Well, good for Potter. It said a lot about a young man who went to such lengths to protect his friends; it also suggested that Molly Weasley was more of a player than that for which she was given credit. He suppressed a chuckle.
Oh, Potter was good, so
good. He couldn’t wait to see what else the boy had planned! But now, he had to press his own agenda.
“Right then,” he barked, “you lot should be made aware that Potter was attacked this morning in Diagon Alley.”
The explosion was, of course, immediate and predictable.
“What was Harry doing away from his relatives?,” Hermione demanded, now furious that Moody had not seen fit to impart to her earlier this news. “What about those precious blood wards of Dumbledore’s, eh?,” she sneered.
Molly gave the girl an appraising look. Moody smirked.
“But Harry was with me this morning at the bank,” Bill argued, his eyes narrowing. “When did this happen?”
“What was he doing with you?,” Ron trilled.
“I was ravishing him in one of the private offices under the direction of the Goblins,” Bill replied, rolling his eyes, sending Fleur into gales of laughter as everyone else turned to stare at him. “Honestly,” he sighed, “it was Gringotts business.” He turned to glare at his youngest brother and Hermione. “And none of yours.”
Hermione went red in the face from anger, but Ron, startled by his brother’s unusually snappish response, paled and backed up several steps, dragging Hermione with him and whispering furiously into her ear. Whatever he said was lost to the rest, but she appeared to calm down.
The twins thought it best not to mention their visit with Harry, and if Hermione and Ron’s jealous response was any indication, they now understood why Harry had admonished them not to mention Luna Lovegood, though they were curious why Harry had not told them he had earlier met with Bill. Surely Harry hadn’t needed to consult with a curse-breaker merely to retrieve some Galleons from his vault.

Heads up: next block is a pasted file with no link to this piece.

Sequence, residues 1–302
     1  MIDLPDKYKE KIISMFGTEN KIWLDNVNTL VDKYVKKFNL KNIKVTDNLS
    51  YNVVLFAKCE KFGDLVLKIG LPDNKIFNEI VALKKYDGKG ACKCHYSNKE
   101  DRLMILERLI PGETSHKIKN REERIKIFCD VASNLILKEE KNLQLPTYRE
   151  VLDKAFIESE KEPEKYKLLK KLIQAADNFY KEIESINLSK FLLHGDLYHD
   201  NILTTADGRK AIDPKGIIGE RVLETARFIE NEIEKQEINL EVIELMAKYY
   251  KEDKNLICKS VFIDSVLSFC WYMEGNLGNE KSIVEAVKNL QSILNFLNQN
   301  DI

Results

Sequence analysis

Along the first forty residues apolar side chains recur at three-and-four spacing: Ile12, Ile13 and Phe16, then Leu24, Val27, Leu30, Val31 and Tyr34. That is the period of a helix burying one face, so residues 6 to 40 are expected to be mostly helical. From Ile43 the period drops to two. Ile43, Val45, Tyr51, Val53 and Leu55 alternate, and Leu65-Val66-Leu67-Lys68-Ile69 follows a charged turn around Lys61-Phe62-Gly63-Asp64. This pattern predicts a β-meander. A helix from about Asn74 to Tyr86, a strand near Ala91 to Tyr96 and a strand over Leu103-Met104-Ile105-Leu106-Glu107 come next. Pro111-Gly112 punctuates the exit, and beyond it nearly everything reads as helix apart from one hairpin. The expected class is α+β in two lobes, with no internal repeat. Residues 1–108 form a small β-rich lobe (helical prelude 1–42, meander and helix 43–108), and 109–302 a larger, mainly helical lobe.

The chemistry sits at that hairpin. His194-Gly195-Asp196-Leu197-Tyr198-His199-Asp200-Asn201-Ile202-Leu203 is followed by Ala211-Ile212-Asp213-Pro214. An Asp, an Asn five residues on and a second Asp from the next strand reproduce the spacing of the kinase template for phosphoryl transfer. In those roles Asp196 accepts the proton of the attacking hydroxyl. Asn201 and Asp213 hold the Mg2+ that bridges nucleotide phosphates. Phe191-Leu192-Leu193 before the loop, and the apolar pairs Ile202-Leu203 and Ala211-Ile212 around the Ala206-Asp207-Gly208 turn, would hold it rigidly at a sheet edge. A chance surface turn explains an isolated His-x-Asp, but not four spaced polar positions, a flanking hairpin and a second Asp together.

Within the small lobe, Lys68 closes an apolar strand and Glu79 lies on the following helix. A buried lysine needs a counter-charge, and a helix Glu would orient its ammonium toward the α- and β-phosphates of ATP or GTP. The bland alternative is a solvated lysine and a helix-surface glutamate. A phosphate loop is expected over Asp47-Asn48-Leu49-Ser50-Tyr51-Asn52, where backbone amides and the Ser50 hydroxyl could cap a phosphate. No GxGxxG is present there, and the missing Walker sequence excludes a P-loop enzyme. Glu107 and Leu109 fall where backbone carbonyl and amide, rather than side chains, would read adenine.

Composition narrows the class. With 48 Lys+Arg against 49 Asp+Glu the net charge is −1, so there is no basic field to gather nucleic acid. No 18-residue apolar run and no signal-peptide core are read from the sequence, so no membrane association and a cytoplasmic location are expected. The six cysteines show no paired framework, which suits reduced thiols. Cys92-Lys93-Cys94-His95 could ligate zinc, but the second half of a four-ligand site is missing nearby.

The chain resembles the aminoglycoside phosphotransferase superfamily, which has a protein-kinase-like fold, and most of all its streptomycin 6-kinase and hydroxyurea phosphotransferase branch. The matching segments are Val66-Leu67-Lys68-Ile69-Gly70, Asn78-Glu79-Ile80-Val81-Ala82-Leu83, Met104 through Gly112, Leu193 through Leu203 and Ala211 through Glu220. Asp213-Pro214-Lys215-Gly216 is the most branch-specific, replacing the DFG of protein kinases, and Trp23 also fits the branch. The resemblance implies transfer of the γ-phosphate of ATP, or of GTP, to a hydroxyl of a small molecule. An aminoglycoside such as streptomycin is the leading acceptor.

“Oh dear,” Molly fretted, preparing to whip herself up into an hysterical mothering frenzy the likes of which the world had never seen, “was it Death Eaters?”
“No,” Moody scowled, “just your average run-of-the-mill fools in all their obnoxious glory.” He shook his head. “Potter was spotted outside of Flourish and Blotts by ordinary shoppers, who proceeded to harass and maul him when he declined to give autographs or speak of Voldemort.”
He again rolled his magical eye when several present flinched at the name.
“Is Harry all right?,” whispered a now tearful Hermione.
“Aye,” Moody nodded, “he’s fine now. Tonks healed his wounds.”
“Wounds!,” Ron exploded. “What did those sick bastards do to my Harry?”
He was incognizant of the curious glances sent his way by Fleur and George at his possessive phrasing. Ginny and Hermione were careful not to look at Ron, while Bill and Fred weren’t even paying attention. Molly glared at Fleur and George, a silent bid to ensure their mouths stayed closed. She wasn’t yet entirely sure how she felt about Ron’s relationship with Harry, whatever that might have been, or whatever her son might wish was between them – as well as Hermione, for that matter – but she would not stand to see him questioned or ridiculed for it. In that spirit, she let his language slide.
“They roughed him up a bit,” Moody gruffly admitted. “Now that Fudge is gone and a woman of sense has assumed office, the tide has changed, and the general public believes Voldemort has returned, even if the blasted Prophet